Cruz argued that tougher gun laws would not prevent mass shootings. He focused on societal issues – “chronic isolation”, “broken homes”, “absent fathers” and “social media bullying”.

Two top Republican state lawmakers, Sen. John Cornyn and Rep. Dan Crenshaw, also pulled out of the NRA rally — Cornyn said he had a scheduling conflict and Crenshaw was still at the meeting. out of the country on a trip to Ukraine. , said his office FoxNews.

Several of the musicians scheduled to perform also pulled out, including Don McLean and country singer Lee Greenwood.

In the wake of the deadly mass shooting, which happened about 300 miles from Houston, there have been nationwide calls — especially among Democrats — for tougher gun control laws. fire. A few hours after the shooting, President Joe Biden said“When in God’s name are we going to stand up to the gun lobby?”

A bipartisan group of senators met Thursday and plan to continue working on a consensus gun safety bill over the holidays, likely focusing on red flag and yellow flag laws.

A CBS News Poll taken after the Buffalo shootings but before the Uvalde massacre showed that a slim majority of Americans want tougher gun control laws, although opinion is divided along partisan lines.

There were several protests on Friday, including one across the street that began shortly before the convention doors opened. The protest, already organized by Black Lives Matter Houston, included a surprise guest Thursday night: former U.S. Representative Beto O’Rourke, who is challenging Abbott for governor. O’Rourke, who supports more gun laws, confronted Abbott earlier this week about the lack of gun laws in the state, which has seen five high-profile mass shootings in five years. O’Rourke was then kicked out of the press event.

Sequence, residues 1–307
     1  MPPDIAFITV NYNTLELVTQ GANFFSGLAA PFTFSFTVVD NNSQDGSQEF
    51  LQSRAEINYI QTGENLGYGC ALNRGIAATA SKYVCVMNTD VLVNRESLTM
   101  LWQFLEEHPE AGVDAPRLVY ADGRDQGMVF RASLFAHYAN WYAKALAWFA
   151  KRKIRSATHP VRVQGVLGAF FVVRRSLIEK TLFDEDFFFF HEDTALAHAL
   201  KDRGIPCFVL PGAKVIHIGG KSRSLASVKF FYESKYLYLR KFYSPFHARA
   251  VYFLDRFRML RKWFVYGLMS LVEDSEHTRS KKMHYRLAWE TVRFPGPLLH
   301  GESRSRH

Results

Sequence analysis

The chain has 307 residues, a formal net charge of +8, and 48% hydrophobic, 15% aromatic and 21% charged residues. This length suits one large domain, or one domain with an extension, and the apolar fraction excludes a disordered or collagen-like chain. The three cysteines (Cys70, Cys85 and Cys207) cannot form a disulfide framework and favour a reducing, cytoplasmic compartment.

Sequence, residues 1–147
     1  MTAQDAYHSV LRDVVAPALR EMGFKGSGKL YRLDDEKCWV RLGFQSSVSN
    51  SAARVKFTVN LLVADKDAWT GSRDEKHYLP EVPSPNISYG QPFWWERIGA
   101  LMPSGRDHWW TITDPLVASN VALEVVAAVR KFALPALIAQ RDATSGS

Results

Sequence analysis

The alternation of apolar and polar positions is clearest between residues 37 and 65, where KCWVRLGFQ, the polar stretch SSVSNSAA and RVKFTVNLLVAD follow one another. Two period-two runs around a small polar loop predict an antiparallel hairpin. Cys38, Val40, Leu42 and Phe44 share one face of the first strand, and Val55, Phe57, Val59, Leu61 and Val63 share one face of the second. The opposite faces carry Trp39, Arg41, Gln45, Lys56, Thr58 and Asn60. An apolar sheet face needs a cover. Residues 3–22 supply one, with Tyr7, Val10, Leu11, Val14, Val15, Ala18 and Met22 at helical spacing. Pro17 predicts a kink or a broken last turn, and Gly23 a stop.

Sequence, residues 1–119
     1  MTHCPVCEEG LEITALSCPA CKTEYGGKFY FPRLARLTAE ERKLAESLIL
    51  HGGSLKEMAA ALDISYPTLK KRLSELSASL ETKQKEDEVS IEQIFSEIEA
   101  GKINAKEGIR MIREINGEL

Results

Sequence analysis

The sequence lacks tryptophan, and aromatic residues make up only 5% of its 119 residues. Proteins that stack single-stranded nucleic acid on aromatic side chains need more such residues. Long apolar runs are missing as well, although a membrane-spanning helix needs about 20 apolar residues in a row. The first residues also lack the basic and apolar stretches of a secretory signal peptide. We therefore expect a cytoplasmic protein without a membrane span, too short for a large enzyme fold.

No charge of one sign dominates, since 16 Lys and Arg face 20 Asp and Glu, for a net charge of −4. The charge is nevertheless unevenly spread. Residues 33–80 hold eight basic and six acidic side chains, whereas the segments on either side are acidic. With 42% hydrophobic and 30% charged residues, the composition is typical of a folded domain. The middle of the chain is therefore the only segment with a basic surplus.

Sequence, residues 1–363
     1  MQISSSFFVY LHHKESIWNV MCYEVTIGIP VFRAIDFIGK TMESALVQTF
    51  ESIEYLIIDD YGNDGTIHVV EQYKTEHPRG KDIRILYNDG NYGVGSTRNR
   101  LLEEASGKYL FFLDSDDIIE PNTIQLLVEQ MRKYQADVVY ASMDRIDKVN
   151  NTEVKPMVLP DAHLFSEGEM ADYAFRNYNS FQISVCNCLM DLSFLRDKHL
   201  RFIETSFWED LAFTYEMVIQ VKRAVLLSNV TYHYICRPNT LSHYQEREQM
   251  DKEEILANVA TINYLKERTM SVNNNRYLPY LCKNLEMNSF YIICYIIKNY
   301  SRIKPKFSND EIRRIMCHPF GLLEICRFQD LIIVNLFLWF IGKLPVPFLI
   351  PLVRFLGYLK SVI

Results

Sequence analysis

O’Rourke offered a message of unity at Friday’s protest, telling conference attendees “you are not our enemies and we are not yours.” But he reserved his harshest words for NRA leaders and the politicians they “bought”.

“We’ll beat you and we’ll beat you and we’ll leave you behind,” O’Rourke said.

The NRA donates more than $15 million to political candidates each year, and while that number is down from years past, it’s still five times what gun control groups donate.

Turner, a Democrat, said Wednesday he “just can’t cancel the convention” since the NRA had all of its permits in order.

“The convention has been on the books for over two years,” the mayor of Houston said, according to CBS Houston Affiliate KHOU. “It’s a contractual arrangement. We simply cannot cancel a conference or convention because we disagree with the subject.”

State and local authorities are still investigating details of Tuesday’s shooting. Authorities said the 18-year-old the shooter purchased the guns legally after his 18th birthday, shortly before the shooting. In Texas, guns such as AR-15s and long guns can be purchased by 18-year-olds.

Melvin B. Baillie